I don’t remember that much about Diva growing up; it was a film that I heard about as a kid, and a lot of people liked it, but that was the first time I can honestly say I was exposed to the arthouse film, and that it was something that I wanted to find out more about. Through the years, I’ve seen many a foreign or independent film, however the one that started all of it off for me I hadn’t seen, until now.
Diva was adapted from the Daniel Odier novel by Jean-Jacques Beineix, who previously directed a documentary version of The Diving Bell and the Butterfly long before Julian Schnabel put together a dramatic version of Jean-Dominique Bauby’s life. The story of Diva is a little complicated, but I’ll give it a go; a young messenger attends the concert of an opera singer, and creates a recording of the performance, which is a rarity for the singer, who normally frowns on recording her work. A line is said in the film along the lines of “art shapes itself around business, when business should actually shape itself around art.” A woman is murdered and drops a separate recording that is criminally linked to the police, and the tape winds up with the messenger. When the messenger, named Jules, is spotted recording the singer’s concert, they threaten him and demand to obtain the tape, so that it can be sold to the highest bidder. Unbeknownst to Jules, the participants of the other tape include a crooked police chief, who wants to try and get the other tape by any means necessary.
The story, while interwoven and complicated, doesn’t really hold up over the film’s two hours, but it still keeps you involved, that and Beineix’s incredible visuals that, while sometimes a little on the surreal side, are absolutely striking and well worth watching. Many directors since have lifted bits and pieces of Diva visually and it’s certainly engrossing.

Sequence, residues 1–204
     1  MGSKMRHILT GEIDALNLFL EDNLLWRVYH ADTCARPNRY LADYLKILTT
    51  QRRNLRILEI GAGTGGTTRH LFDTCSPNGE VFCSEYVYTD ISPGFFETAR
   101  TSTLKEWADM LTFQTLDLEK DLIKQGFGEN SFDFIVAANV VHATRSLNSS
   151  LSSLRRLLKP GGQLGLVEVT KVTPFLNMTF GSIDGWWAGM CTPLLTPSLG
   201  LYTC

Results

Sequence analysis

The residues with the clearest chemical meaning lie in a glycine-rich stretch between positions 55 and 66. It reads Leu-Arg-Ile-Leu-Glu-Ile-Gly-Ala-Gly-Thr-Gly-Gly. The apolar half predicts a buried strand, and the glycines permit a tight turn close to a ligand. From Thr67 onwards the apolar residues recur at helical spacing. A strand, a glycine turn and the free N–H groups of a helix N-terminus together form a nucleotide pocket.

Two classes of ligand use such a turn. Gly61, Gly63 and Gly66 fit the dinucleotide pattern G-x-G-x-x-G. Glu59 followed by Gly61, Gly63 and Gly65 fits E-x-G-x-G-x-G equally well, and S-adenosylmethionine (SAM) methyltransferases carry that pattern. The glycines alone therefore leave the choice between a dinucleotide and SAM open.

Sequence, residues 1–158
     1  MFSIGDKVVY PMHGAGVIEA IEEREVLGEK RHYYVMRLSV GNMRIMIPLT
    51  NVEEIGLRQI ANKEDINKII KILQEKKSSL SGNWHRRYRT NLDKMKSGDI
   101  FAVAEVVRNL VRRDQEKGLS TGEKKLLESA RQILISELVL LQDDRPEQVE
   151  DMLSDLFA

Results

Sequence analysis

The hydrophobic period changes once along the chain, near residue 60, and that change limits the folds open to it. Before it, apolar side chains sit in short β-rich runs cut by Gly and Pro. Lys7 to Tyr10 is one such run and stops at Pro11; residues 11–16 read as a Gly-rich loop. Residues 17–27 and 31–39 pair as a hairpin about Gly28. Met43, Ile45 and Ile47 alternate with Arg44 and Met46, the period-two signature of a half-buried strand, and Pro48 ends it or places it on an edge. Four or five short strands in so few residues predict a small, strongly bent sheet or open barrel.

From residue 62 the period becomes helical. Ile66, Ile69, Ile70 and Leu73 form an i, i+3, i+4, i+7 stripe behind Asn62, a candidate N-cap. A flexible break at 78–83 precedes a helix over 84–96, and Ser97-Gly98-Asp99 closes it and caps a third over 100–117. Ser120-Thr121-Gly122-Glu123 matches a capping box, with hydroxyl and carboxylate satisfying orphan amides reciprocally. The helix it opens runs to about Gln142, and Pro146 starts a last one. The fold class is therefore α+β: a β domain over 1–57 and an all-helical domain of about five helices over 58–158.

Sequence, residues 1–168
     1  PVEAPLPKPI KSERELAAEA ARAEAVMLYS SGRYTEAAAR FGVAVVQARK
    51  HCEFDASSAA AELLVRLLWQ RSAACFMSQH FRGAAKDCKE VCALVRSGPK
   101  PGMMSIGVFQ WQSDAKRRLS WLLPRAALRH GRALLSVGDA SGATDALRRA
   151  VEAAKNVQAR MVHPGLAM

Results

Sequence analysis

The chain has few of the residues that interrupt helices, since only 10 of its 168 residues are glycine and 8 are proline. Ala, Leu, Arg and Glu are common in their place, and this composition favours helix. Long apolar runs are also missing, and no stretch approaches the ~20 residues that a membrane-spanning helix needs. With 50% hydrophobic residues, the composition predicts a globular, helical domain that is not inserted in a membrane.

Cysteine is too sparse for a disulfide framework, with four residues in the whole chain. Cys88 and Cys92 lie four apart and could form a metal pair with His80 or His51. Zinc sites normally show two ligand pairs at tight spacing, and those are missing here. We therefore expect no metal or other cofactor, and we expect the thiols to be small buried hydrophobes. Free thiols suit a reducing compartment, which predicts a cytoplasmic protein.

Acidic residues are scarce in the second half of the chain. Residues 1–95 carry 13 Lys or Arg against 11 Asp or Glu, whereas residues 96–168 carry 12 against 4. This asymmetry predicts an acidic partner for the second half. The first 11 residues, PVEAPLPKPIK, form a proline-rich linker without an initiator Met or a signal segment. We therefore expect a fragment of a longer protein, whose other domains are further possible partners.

What else is enjoyable about the film is that palatable hunger and leanness of the cast and the performances combined with those visuals. Beineix’s cast and performances all reek of a French underground that not many people had seen before and don’t see all that often now; the grunge combined with a neo-futuristic sense gives Paris a twist on imagery that I’d never seen before, and it inspires me to look more into the films of a similar stylistic choice.
A two-channel French monaural mix, which was remastered for this release as part of Lionsgate’s Meridian Collection. There’s not a lot of dynamic range on the soundtrack and the speaker panning and low end is pretty non-existent, but this is an analog track in a digital world, metaphorically speaking, and it sounds capable.
1.66:1 anamorphic widescreen for you to enjoy. The film grain is present throughout most, if not all of the film, and considering the production values and age of the feature, Diva looks pretty good, and it’s safe to say it’s not going to look any better anytime soon.
Beineix discusses the film in a scene-specific commentary that lasts a little over 40 minutes. In French with his translator, he discusses his original idea for much of the material and explains the film’s themes and storylines, along with the character motivations and repercussions therein. He talks about the film now and recalls some things about the production at the time. There’s not a lot of production-related information, focusing more on the artistic angles, so that change of pace is very interesting to listen to. The only other bonus is a series of extended interviews with the cast and crew, more than a quarter century after the fact. The interviews last more than 80 minutes and include many of the film’s stars, some of the producers, and costumer designer. The score and intent of the music in the film is shown off, along with various sound elements that were employed. The crew recalls the guidance that Beineix gave them at the time and their thoughts on him now, and the cast offers much of the same. One of the actors called Beineix a “sweet schizophrenic”. Everyone discusses the impact the film has had on their careers, and it’s a warm and intriguing look at the picture.
Diva remains an interesting achievement in visual style and sound and is a slightly effective statement on the decline of artistic integrity, sacrificing itself to the throes of business and finance. The technical qualities are pretty decent and the supplemental material isn’t too shabby either. If you’re a fan of film, you should at least give Diva a spin to see what the perceived fuss is all about.